With a new world order evolving for the first time in over a decade, it will be a most intriguing collection of series to look forward to this year.
With South Africa finishing 2008 as the best performed nation, India keen to prove their power by performing away from home, and of course, the Ashes—there will be plenty for the most discerning of fans.
But, with such series occurring, we will also see Test cricket holding its own against the shorter upstart versions of the game – which is accentuated in 2009 with the ICC World 20/20 tournament in England, culminating with the final at Lords on June 21st.
England in West Indies, January to April 2009
A puzzling time will begin for English supporters. After being buoyed watching the old enemy appear weak with consecutive series losses to India and South Africa, England now appear down and out with their own internal disaster.
It now appears the Kevin Pietersen was asked to resign as England captain, and it has been confirmed that Andrew Strauss will captain the side. Michael Vaughan has not been included in the squad to the Caribbean, which features Steve Harmison, Ian Bell and Monty Panesar—all of whom had poor tours to India. Graeme Swann and new prospect Adil Rashid will contest with Panesar for a spinning berth.
Meanwhile the home team will look to Chris Gayle and Shivnarine Chanderpaul who proved in New Zealand how they are both world class and crucial to the West Indies setup. Fidel Edwards is the most solid option in a now bemusing cupboard bare of fast bowling quality, but Lionel Baker could be a threat with continued development.
First match: England V St Kitts at Basseterre – Jan 25-27
First Test: England V West Indies at Kingston – Feb 4-8
Zimbabwe in Kenya, January 2009
The Kenyans, desperately in need of top level competition to develop, will host Zimbabwe for a five match ODI series, who will travel there after finishing their tour of Bangladesh
Sri Lanka in Pakistan, January to February
Two top tier test nations in need of a lot more Test cricket will contest after Sri Lanka’s president Mahinda Rajapakse cleared the tour despite violence in the region. The final tour itinerary is still being debated, but will likely feature two tests, three ODI and a 20/20 match.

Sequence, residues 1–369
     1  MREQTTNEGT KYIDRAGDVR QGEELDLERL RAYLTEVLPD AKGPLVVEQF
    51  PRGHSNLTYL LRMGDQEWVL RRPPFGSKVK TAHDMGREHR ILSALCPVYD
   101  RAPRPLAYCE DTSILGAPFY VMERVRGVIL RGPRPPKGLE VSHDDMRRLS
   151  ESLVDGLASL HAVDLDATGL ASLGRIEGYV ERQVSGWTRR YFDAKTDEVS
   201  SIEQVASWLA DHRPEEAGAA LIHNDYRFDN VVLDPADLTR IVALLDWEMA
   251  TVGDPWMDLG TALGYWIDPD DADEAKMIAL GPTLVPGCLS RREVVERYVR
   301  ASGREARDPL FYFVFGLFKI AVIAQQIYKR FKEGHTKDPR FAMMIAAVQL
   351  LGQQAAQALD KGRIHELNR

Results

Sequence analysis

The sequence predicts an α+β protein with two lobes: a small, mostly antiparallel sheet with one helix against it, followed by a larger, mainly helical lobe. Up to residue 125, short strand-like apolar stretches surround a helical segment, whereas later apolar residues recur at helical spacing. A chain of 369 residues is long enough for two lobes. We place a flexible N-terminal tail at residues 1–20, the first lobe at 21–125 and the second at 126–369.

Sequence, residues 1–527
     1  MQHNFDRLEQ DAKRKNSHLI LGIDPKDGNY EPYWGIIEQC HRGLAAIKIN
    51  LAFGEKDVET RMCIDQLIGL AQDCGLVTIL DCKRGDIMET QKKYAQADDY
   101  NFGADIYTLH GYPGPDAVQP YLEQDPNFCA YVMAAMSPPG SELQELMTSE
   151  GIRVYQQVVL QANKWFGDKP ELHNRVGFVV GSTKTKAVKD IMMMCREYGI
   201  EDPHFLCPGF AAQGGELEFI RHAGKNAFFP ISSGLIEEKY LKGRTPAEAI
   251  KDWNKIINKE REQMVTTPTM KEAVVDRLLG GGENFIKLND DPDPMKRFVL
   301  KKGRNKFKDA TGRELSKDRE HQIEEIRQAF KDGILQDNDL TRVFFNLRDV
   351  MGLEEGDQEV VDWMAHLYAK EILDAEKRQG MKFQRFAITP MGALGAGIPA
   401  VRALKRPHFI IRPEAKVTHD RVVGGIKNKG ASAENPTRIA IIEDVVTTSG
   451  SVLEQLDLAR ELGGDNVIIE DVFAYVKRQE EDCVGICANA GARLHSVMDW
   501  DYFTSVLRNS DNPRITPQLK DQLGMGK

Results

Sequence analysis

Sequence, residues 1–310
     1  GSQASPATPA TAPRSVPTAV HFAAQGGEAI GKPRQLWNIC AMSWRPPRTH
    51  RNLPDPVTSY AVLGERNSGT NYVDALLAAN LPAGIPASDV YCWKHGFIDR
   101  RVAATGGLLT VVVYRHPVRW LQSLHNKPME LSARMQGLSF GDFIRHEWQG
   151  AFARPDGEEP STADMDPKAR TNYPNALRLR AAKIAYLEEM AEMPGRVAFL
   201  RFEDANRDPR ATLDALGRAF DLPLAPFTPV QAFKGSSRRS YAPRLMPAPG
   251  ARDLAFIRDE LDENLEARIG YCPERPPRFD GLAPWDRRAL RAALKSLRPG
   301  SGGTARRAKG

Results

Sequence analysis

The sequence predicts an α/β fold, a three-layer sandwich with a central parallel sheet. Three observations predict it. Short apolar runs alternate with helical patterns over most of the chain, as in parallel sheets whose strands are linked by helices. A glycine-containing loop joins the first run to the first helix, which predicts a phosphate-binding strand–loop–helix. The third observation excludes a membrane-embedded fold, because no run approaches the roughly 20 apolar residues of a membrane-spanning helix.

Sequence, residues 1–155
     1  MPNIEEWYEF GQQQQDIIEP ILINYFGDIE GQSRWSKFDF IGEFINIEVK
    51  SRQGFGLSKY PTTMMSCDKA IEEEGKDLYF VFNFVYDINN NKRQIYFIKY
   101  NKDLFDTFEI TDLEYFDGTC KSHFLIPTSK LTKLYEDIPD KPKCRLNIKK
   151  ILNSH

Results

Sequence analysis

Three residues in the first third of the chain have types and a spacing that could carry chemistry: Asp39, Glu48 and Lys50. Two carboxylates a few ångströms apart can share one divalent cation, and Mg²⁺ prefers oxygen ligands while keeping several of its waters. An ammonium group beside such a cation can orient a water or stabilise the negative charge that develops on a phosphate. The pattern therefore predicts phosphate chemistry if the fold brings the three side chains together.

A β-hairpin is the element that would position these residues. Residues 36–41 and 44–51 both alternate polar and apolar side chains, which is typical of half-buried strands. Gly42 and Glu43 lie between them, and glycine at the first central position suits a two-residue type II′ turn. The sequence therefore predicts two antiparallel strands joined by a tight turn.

Sri Lanka are in solid form, with Tillakaratne Dilshan plundering runs in Bangladesh, and captain Mahela Jayawardene and Kumar Sangakkara are both in outstanding form and firmly entrenched in the top 10 batsmen of the world. Ajantha Mendis appears to be the heir apparent to the great Muttiah Muralitheran—and both will wreck havoc, although Sri Lanka’s pace options are not great.
Mohammed Asif continues his rapid fall, after being found guilty of opium possession in the middle east—while Shoaib Akhtar maintains his remarkable rise after being awarded a Category A contract for 2009. Shoaib Malik will continue his role as Pakistan’s captain.
Australia in South Africa, February to April 2009
Further excitement waits as South Africa will look to cement what they feel is their right as the world’s premier playing nation. Certainly at home they will be even more formidable, but coach Mickey Arthur will be cautioning against too much optimism. Graeme Smith will likely miss the first matches.
Meanwhile, Australia will arrive, buoyed by their third test win and slowly improving form of their new faces, led by Peter Siddle. Ricky Ponting, Michael Clarke and Mitchell Johnson will arrive in potent form and will look to push for momentum for the all important Ashes.
Fatigue will be a factor for both teams, after exhaustive recent schedules.
First match: South Africa A V Australia at Potchefstroom – Jan 20-22
First Test: South Africa V Australia, Johannesburg – Jan 26-Feb 2
India in New Zealand, March to April 2009
An important series for both team, as New Zealand try to claw their way off the bottom of the rankings list, while India will look to consolidate their position in the world pecking order by overcoming their great bete noire—the ability to win away.
Martin Guptill, after scoring the second highest score on debut in history could be a new tyro for the New Zealand batting ranks, while young talent Jesse Ryder, Tim McIntosh, and Daniel Flynn are solid batsmen, but will be outclassed in a hit out against the almost legendary Indian batting order that will likely feature at least two of the fab four.
Daniel Vettori will anchor the NZ bowling attack, with Iain O’Brien and Jeetan Patel the most likely support, but on spin friendly pitches, the best players of spin in the world in the Indians will like their chances. Zaheer Khan and Harbhajan Singh will appreciate the conditions in New Zealand, and despite tough talking from the home team, the might of India should be too much.
First match: New Zealand V India, 20/20 at Wellington – Mar 6
First Test: New Zealand V India at Hamilton – Mar 26-30
The Ashes series will be previewed at a later date...